In a new study published online today in the journal JAMA Surgery, researchers from the University of Wisconsin School of Medicine and Public Health (SMPH) describe a novel communication model that shifts the focus of decision-making conversations from a problem with a surgical solution to a discussion about treatment alternatives and outcomes. Researchers say this framework for conversations, called “Best Case/Worst Case” (BC/WC), may allow patients and families to make treatment decisions that are better aligned with their personal goals.
The BC/WC model, developed by SMPH researchers, combines narrative description and handwritten graphic aids to illustrate choices between treatments and is designed to engage patients and families in the decision-making process. Using the BC/WC framework, surgeons use stories to describe how patients might experience a range of possible outcomes, from the best case to the worst case, and the most likely scenarios they could encounter.
“Incorporating stories that describe how surgery can impact the patient’s overall quality of life can help surgeons, patients and their families avoid surgery when even the best-case surgical outcome is unacceptable,” said Dr. Margaret “Gretchen” Schwarze, associate professor of surgery and principal investigator on the study. “Our study suggests that presenting and exploring a set of treatment options and plausible outcomes with patients can help patients and families think more strategically and make decisions based on what’s most important to them.”
For the study, 25 surgeons (cardiothoracic, vascular, and acute care) from the University Hospital in Madison, Wis., completed a two-hour training session to learn the BC/WC framework using simulation with standardized patients and one-on-one instruction with coaches. Before training, the surgeons described patients’ conditions in conjunction with operative solutions, directed deliberation over options, listed procedural risks and did not integrate patient/family preferences into a treatment recommendation. After the BC/WC training, surgeons presented a clear choice between treatments, described a range of postoperative trajectories, including functional decline, and involved patients and families in the shared decision-making process and deliberation.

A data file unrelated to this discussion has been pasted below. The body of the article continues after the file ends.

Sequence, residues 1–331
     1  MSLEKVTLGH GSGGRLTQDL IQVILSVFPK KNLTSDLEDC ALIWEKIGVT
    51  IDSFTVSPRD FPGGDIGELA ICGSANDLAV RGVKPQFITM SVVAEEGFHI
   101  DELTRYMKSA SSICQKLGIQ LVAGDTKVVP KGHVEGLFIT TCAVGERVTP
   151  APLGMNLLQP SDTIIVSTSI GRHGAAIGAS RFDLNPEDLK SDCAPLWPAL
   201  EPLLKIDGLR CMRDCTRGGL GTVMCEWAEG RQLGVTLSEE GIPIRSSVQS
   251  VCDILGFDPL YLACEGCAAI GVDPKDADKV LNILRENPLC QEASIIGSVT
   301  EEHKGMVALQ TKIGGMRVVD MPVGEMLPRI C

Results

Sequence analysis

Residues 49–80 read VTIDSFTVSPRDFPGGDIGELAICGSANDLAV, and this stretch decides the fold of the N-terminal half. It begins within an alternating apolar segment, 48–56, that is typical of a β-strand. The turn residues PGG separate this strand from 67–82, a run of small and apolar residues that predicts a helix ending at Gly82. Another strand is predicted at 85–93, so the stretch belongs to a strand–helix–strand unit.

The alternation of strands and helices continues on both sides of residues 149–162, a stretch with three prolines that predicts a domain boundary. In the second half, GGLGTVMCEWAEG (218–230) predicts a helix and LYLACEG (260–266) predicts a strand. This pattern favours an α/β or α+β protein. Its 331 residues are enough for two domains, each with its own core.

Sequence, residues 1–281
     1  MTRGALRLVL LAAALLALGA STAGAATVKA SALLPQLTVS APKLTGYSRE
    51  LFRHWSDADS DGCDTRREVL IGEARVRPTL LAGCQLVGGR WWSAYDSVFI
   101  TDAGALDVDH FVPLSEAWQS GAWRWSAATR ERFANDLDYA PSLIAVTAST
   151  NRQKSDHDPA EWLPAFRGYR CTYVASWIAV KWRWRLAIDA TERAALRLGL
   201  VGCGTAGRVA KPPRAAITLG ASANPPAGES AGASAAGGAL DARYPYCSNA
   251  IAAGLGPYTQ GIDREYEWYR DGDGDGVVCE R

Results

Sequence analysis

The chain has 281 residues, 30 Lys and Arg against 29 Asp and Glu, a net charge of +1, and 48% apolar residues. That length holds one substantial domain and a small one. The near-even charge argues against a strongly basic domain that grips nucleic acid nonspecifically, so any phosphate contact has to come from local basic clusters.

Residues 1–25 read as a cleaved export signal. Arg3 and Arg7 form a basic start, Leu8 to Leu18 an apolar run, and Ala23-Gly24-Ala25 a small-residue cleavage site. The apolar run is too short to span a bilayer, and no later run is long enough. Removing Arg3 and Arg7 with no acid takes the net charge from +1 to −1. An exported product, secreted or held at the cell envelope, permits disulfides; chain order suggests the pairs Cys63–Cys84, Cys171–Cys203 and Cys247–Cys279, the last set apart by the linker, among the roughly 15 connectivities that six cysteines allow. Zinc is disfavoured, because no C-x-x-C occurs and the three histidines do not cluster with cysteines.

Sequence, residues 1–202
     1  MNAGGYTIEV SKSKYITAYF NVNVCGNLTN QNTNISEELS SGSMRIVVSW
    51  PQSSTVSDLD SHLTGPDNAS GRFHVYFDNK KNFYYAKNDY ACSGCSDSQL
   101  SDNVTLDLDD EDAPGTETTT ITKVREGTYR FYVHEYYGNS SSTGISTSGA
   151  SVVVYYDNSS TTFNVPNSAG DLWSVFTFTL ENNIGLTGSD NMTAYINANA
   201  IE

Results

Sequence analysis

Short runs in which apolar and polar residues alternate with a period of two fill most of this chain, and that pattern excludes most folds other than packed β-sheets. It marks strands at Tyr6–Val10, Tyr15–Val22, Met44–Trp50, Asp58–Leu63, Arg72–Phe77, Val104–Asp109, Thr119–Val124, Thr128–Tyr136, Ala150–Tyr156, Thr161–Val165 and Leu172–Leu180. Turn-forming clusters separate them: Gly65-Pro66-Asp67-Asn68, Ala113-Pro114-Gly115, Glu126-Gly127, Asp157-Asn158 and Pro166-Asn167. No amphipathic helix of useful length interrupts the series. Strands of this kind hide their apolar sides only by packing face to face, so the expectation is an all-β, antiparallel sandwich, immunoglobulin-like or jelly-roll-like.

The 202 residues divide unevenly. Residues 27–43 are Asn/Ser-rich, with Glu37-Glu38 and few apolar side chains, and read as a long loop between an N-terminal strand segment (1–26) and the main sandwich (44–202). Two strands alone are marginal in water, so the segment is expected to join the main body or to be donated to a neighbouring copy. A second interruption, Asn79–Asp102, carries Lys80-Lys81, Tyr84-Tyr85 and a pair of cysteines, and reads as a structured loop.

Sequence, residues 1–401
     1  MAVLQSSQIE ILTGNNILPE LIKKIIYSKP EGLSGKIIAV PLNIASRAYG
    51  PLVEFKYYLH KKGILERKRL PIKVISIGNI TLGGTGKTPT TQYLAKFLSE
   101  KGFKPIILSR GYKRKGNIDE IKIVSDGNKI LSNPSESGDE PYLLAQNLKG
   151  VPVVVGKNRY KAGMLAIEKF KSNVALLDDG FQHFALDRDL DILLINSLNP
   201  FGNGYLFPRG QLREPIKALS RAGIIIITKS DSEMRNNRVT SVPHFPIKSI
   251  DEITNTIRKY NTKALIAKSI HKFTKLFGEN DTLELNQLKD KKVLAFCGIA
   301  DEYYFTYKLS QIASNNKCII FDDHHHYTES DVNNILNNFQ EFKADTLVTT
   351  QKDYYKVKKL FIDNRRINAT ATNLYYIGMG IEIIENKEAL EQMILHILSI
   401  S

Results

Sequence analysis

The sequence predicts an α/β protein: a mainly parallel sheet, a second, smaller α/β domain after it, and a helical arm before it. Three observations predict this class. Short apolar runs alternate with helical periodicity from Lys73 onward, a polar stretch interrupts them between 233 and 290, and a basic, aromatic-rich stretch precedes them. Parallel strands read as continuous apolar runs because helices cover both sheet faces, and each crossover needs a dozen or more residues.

The study participants included a control group of nine men and three women and an intervention group of seven men and 13 women. Participants were 68 to 95 years of age and nearly half had five or more comorbid conditions.
“We believe that with this proof of concept, the Best Case/Worst Case intervention can be used to change surgeon behavior to better support patients and families who are maintaining hope for the best but who also need to be aware of and prepare for the worst,” Schwarze said.
Although the study demonstrated that the BC/WC model can distinctly change the way surgeons communicate with their patients regarding high-stakes decisions, researchers were unable to identify a measurable health outcome that would allow them to test whether this intervention improves clinical outcomes beyond shared decision-making.
Other researchers include Dr. Lauren Taylor, Dr. Michael Nabozny, and Jennifer Tucholka from the UW Department of Surgery; Nicole Steffens of Denver Public Health, Denver Health and Hospital Authority; Dr. Karen Brasel, Department of Surgery, Oregon Health and Science University; Dr. Sara Johnson, Dr. Toby Campbell, and Ann Zelenski, UW Department of Medicine; Paul Rathouz, Ph.D., and Qianqian Zhao, UW Department of Biostatistics and Medical Informatics; and Kristine Kwekkeboom, Ph.D., of the UW-Madison School of Nursing.
University of Wisconsin School of Medicine and Public Health